In the PRIMO trial, paricalcitol (vitamin D2) did not improve measures of cardiac structure, function or left ventricular mass in patients with chronic kidney disease (CKD), as researchers had hoped.
The authors of a commentary published with the study online today in the Journal of the American Medical Association say, "At this time, paricalcitol cannot be recommended for patients with CKD."
CKD has adverse effects on vitamin D metabolism, and up to 80% of patients with stage three to five disease have vitamin D deficiency.
"There is much interest in vitamin D and several studies suggest there may be a link between vitamin D and heart disease," Dr Ravi Thadhani of Massachusetts General Hospital in Boston, who led the study, explained in an email to Reuters Health.
Other interesting effects found
"We specifically examined the effect of a potent form of vitamin D and cardiac structure and function and found no major effect over a one year period. We did find other interesting effects such as a reduction in episodes of cardiac related hospitalisations from heart failure, but these require additional studies to confirm," Dr Thadhani added.
The PRIMO trial was conducted in 11 countries during 2008-2010, with 227 patients (mostly hypertensive men) who had an estimated glomerular filtration rate (GFR) of 15 to 60 mL/min and mild to moderate left ventricular hypertrophy.
Study subjects were randomly allocated to take 2 mcg per day of paricalcitol orally (n=115) or placebo (n=112) for 48 weeks.
The researchers say reductions in parathyroid hormone levels were noted at four weeks in the paricalcitol group, and levels were maintained in the normal range throughout the study.
Not much improvement with paricalcitol
But neither left ventricular mass index at 48 weeks (the primary outcome) nor any other of the 10 endpoints of cardiac structure or function (including measures of diastolic function) improved to a greater extent with paricalcitol.
Paricalcitol appeared to be associated with fewer cardiovascular-related hospitalisations (1 vs 8 with placebo), as well as with an attenuated increase in blood levels of B-natriuretic peptide (BNP) but a greater incidence of hypercalcemia (22.6% vs 0.6%).
Dr Thadhani told Reuters Health, "The suggestive effects we uncovered related to heart failure are worth studying further. A study of patients at risk for or (with a) history of heart failure but with normal ejection fraction followed for one to two years would be an ideal target population."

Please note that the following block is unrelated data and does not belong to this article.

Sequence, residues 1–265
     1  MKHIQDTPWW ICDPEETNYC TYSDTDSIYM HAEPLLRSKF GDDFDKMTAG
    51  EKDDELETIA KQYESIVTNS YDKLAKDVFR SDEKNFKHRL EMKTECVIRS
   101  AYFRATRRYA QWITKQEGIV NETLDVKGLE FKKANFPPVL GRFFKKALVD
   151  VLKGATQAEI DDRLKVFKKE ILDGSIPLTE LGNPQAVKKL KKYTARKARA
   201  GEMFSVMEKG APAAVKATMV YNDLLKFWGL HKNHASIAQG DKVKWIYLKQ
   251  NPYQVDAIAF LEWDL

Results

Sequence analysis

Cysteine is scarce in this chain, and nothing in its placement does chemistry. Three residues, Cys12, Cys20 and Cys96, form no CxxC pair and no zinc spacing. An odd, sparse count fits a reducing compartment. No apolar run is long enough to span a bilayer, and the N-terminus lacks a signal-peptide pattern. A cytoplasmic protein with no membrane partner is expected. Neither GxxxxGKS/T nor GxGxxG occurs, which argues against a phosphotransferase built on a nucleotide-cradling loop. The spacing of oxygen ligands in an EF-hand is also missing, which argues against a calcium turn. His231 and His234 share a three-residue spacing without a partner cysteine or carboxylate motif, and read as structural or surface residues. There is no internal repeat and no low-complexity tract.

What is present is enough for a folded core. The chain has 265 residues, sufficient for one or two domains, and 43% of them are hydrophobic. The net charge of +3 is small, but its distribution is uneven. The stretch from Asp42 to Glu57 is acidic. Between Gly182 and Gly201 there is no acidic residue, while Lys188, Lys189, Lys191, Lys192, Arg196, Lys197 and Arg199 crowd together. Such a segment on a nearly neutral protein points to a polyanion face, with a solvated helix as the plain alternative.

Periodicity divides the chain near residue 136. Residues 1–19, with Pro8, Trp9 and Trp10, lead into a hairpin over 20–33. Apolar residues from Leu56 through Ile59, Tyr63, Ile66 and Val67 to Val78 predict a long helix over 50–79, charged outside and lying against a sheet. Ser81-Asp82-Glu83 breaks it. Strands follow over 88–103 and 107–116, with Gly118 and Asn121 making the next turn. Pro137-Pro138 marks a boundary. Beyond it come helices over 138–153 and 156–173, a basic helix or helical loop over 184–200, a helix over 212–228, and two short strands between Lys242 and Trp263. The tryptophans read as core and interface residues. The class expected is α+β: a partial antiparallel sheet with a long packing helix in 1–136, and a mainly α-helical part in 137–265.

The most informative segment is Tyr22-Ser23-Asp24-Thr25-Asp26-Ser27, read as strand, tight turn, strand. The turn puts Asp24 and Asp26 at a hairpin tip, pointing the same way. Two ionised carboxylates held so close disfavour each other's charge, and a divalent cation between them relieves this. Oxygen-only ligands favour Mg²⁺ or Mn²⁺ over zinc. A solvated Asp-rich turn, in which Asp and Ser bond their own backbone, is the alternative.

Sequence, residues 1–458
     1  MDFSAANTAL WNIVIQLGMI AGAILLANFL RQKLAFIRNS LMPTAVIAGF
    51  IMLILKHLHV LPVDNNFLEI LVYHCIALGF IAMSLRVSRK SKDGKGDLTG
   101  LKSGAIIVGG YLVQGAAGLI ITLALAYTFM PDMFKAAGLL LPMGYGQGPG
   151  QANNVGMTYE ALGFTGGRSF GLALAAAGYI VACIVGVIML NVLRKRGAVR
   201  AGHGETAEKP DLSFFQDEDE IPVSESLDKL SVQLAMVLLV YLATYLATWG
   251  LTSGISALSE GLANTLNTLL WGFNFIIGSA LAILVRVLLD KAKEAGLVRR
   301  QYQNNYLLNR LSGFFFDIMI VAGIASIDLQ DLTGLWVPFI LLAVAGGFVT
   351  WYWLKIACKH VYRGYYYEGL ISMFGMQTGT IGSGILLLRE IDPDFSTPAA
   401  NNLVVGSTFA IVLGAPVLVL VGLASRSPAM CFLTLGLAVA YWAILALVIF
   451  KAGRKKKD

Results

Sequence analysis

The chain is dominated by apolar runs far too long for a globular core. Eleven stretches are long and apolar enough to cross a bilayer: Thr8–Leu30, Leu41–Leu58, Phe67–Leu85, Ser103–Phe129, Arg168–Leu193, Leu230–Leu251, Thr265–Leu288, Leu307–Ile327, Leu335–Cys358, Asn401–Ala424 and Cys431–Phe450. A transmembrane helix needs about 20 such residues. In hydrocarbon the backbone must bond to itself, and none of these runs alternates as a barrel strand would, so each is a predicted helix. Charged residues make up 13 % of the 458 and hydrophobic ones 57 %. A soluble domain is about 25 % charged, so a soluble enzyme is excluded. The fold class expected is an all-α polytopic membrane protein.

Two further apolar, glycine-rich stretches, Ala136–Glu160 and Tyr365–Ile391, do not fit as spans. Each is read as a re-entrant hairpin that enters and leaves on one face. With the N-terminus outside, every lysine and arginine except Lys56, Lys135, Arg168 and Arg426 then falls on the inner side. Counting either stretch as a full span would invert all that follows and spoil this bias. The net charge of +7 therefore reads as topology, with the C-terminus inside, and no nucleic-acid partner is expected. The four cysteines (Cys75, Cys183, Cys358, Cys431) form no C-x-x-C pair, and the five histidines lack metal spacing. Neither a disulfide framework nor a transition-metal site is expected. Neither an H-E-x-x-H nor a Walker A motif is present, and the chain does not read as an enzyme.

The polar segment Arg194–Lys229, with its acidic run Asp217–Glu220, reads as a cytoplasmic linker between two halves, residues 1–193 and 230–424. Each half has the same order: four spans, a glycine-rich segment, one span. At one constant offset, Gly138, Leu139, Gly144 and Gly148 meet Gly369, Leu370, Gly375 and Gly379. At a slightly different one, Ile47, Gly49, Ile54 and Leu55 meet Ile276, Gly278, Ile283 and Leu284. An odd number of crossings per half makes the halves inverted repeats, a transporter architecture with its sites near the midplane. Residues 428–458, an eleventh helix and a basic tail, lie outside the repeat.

Drs Stefan D. Anker and Stephan von Haehling of Charite Campus Virchow-Klinikum in Berlin, Germany, who wrote the commentary, agree that more study is needed. The PRIMO trial "needs to be followed by a larger trial adequately powered to assess clinical end points such as cardiac-related hospitalisations, dialysis events, and mortality," they write.
Base paricalcitol prescription on clinical outcomes
"The deciding factor for whether to prescribe paricalcitol (vitamin D) for patients with CKD should be based on improvement in important clinical outcomes rather than other end points," they say.
Drs Anker and von Haehling also say a "concerning" finding in the PRIMO trial was that kidney function deteriorated significantly in the paricalcitol group. There was an average decline of 4.6 mL with paricalcitol vs placebo (p<0.001) by the creatinine-based method and an average decline of 5.6 mL vs placebo (p=0.06) by the cystatin C-based method.
They note, however, at baseline, the estimated GFR showed a difference of about 5 mL/min, with lower values in the group that received paricalcitol. It's not possible to determine whether the two observations are linked, although more patients in the paricalcitol than placebo group started dialysis during the study (6 patients vs 1 patient; p=0.12).
The PRIMO study was funded by an investigator-initiated grant from Abbott Laboratories, which markets paricalcitol as Zemplar.
(Megan Brooks, Reuters Health, February 2012)